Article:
Just cocky enough5/14/2014
The Des Moines Roosters season kicks off this Saturday with the 80/35 Metro Tournament. Coming off a national championship season last year, the Roosters are eager to start the new season. Ever heard of ’em?
Is it like soccer? Yes… but not exactly.
It’s like football, then? Well, there is definitely physical contact.
So, it’s like rugby? Getting closer… It’s Australian-rules football — sort of a combination of all three.
Though its popularity is growing here in the U.S. and around the world, most folks still don’t really understand this sport. And like many other unknown sports and games, the only way to learn about it is by getting out and playing it — or at least watching a game or two.
Imagine rugby, football, soccer, track, basketball and a violent variant of ultimate Frisbee dressed in vertical stripes. That is Australian-rules football.
“The Australians hate it when I say this, but I think ‘tackle soccer’ best describes the sport, because it’s very free-flowing like a soccer game,” said Tyler Kamerman, Des Moines Roosters president. “I used to say it’s a cross between soccer and rugby, but there’s no scrum, like in rugby, or line, like there is in American football. Because of that, it’s constantly moving and is a very fast-paced, high-scoring sport.
“It’s really a hybrid of a lot of different sports — it’s a lot of fun to watch and even more fun to play!”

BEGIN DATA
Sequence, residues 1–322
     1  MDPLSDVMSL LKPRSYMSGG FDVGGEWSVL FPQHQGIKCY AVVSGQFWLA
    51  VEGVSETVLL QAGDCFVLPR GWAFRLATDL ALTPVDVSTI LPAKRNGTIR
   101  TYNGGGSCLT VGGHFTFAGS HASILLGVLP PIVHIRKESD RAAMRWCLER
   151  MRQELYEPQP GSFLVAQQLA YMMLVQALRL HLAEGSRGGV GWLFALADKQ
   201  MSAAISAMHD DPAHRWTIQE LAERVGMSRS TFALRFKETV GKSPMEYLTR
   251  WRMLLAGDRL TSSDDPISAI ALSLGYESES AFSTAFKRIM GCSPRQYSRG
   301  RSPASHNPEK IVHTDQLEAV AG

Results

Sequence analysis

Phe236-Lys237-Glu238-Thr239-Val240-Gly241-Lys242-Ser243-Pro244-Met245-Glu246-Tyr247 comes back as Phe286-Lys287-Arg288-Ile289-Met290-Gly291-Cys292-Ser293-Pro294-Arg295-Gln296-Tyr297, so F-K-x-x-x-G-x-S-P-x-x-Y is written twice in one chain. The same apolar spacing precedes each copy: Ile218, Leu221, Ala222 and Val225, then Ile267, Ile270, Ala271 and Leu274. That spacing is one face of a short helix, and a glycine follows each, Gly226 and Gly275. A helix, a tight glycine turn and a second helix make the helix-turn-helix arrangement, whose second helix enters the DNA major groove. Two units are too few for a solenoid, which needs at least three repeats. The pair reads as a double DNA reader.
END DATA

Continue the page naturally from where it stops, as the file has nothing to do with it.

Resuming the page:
Teams of 18 players kick, handoff and run an oblong ball in the direction of four goal posts of varying sizes that are located on each side of the field. Tackling is permitted. Throwing is not.
In essence, the ball is constantly in motion and may only be “passed” to another player by kicking — hence, it really is “foot” ball — or a hand-pass, by holding the ball and hitting it with a fist, but only as a lateral pass.
This weekend’s 80/35 Regional Metro Tournament marks the beginning of the Des Moines Roosters’ season. It’s a superb opportunity to check out these Rooster men in action, as seven or eight teams will be coming to town from Colorado, Minnesota, Missouri, Ohio and Oklahoma to ruffle feathers.
While the games are typically played in four 20-minute quarters, this tournament will be just two 20-minute halves with fewer players on the field, Kamerman said.
“We are playing 10 per side this year instead of nine. It allows us to have four people on the ball during the centerfield bounces (similar to a jump-ball), which translates better to the full 18-a-side matches later in the year,” Kamerman explained.
Though it’s still a stretch to call the sport popular, it is undoubtedly taking hold in the U.S., as every major metropolitan area has a team now, according o Kamerman. But there are still a lot of people left to enlighten about the Roosters and the sport. Kamerman wants to expose more people to the sport, because he’s confident that, even if they don’t want to play, a lot of people will become fans in the stands.
A co-ed rec league is debuting this year, which Kamerman said should help build the fan base and participation. Beginning on May 8, the league will run six consecutive Thursdays (at 6 p.m.) through June 12, Kamermain said.
“This will be a non-contact league and will begin with some basic skills and then jumping into a game,” Kamerman explained. “We’d love to see more of the community get involved.” CV
David Rowley is an Iowa native with a bachelor’s degree in journalism from the University of Iowa and a master’s in film journalism from the University of Glasgow in Scotland.WHAT: The Second Annual 80/35 Regional Metro Tournament WHEN: Saturday, May 17, 10 a.m.-4 p.m. WHERE: Des Moines Rugby Club, 120 39th St., West Des Moines PRICE: Free. Concessions will be available.